Trump Blaming China for Fake Covid-19 News is a Dangerous Distraction
President Donald Trump speaks as he points towards China on a chart showing daily mortality cases during the daily coronavirus task force briefing at the White House in Washington, U.S., April 18, 2020. © 2020 Reuters/Al Drago As Covid-19 continues to cut a grim path across the globe, debates continue to rage about who is to blame. In one of his many moves to shift accountability for his own inept response to the crisis, US president Donald Trump said he would place a hold on funding for the World Health Organization, alleging that the agency “willingly took China’s assurances to face value” and “pushed China’s misinformation.” U.S. President Donald Trump speaks as he points towards China on a chart showing daily mortality cases during the daily coronavirus task force briefing at the White House in Washington, U.S., April 18, 2020. But the truth is that everyone—the US government, the WHO, journalists, public health officials, and others—should have known better than to trust Beijing’s claims, whether in its initial dismissal of the possibility of human-to-human transmission, or in its current reports of infection and death-toll numbers. In China’s one-party authoritarian system, officials suppressing information and manipulating data for propaganda or career advancement is nothing new, and likely won’t change any time soon.
The Chinese government’s consistent record of censorship and manipulation of information during public health crises is in the public domain. It’s well documented. We would do well to look beyond the official Chinese numbers, rely on the information we can trust, and focus on what’s most important: containing and eradicating the deadly global pandemic. Over the past two decades, Human Rights Watch has extensively documented the Chinese government’s censorship and falsification of information during public health crises. A government worker in southern China told me that she had little confidence in the accuracy of the non-contact digital thermometers she and her colleagues were instructed to use to check local residents’ temperature at checkpoints. “We don’t think they actually work. It was just for show, in case the [national authorities] come to inspect,” she said. In the 2000s, numerous mass lead poisoning incidents were reported as China was quickly becoming known as “the world’s factory.” In a 2011 report, Human Rights Watch documented that government officials in provinces with high rates of industrial pollution restricted access to lead testing, deliberately withheld or falsified test results, and denied children treatment. Family members and journalists seeking information about the problem were intimidated and harassed. During the Severe Acute Respiratory Syndrome (SARS) outbreak in 2003, authorities initially underreported infection rates and falsely proclaimed that the “atypical pneumonia” had “already been brought under effective control.” The cover-up contributed significantly to the spread of the disease. Contrary to current WHO praise for the Chinese government’s Covid-19 response, WHO officials at the time repeatedly expressed concern about underreporting and the lack of transparency. In a 2005 report, Human Rights Watch detailed Chinese authorities’ harassment of AIDS activists and suppression of information that showed that China’s AIDS epidemic was largely caused by government-sponsored unsanitary blood-for-money programs. In 2004, authorities in Henan, the province hardest hit at the time, said there were 25,036 carriers of HIV in the province, but local doctors and activists, based on their field research in affected villages, estimated that at least one million people had contracted HIV as a result of blood-selling schemes. In the summer of 2008, for more than a month the Chinese government prohibited the domestic media from reporting on infants being poisoned by toxin-laced milk powder formula—which resulted in at least six deaths and sickened approximately 300,000 children. Ultimately, economic concerns prompted Chinese authorities to let up on media restrictions. Zhao Lianhai, the father of a poisoned-milk victim, was later sentenced to a two-and-a-half-year prison term for exposing the government’s failure to assist child victims. In 2018, authorities across the country harassed, detained, and persecuted journalists, activists, lawyers, and families of victims for exposing China’s persistent faulty vaccine problems. News articles and social media posts that criticized the government’s failure to regulate the vaccine market properly were routinely censored. To be sure, ensuring accurate information on the number of people infected with Covid-19 and the number of deaths is not easy, and some governments are admitting this is a challenge that makes containing the global pandemic all the more difficult. But in China, investigations by scientists, journalists, and citizens continue to be suppressed, just as they have been for decades.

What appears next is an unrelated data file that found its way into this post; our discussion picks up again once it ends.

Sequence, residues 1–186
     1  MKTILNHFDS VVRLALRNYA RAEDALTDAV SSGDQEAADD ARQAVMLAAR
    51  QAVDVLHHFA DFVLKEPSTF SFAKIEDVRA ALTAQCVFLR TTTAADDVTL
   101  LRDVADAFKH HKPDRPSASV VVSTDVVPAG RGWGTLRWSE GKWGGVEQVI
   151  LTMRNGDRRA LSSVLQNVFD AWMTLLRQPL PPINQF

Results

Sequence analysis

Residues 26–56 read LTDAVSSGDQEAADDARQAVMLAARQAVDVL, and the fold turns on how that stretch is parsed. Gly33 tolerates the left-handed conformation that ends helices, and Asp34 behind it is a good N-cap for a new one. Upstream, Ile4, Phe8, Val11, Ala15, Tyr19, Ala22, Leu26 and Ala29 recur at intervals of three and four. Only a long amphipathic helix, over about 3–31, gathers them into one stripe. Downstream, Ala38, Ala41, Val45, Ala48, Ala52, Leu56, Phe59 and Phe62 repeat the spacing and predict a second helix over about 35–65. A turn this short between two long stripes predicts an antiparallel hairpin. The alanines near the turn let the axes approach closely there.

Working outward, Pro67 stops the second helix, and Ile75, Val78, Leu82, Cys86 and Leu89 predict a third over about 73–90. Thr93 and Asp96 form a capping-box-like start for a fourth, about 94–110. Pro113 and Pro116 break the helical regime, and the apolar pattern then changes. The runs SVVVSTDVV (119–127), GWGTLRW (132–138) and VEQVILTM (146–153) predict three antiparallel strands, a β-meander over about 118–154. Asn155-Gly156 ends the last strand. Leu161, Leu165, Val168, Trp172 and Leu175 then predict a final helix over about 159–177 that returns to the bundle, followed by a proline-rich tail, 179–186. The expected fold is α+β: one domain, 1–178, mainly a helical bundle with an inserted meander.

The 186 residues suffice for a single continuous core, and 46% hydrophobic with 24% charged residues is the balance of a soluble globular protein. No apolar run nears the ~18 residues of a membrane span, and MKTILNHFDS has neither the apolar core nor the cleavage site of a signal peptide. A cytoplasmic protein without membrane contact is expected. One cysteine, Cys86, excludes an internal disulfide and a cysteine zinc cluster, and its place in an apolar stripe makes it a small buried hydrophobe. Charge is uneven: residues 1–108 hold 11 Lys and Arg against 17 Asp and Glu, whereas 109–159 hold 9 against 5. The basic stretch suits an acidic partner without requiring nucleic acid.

The apathy and inertia pervasive within China’s vast bureaucracy hampers both accurate reporting and adequate detection of Covid-19 cases.
The country’s history of cover-ups should have served as a warning to anyone reading the news that official Chinese information about the virus simply isn’t reliable. As the saying goes, fool me once, shame on you; fool me twice, shame on me. No one should be fooled by information put out by the Chinese government the next time around.
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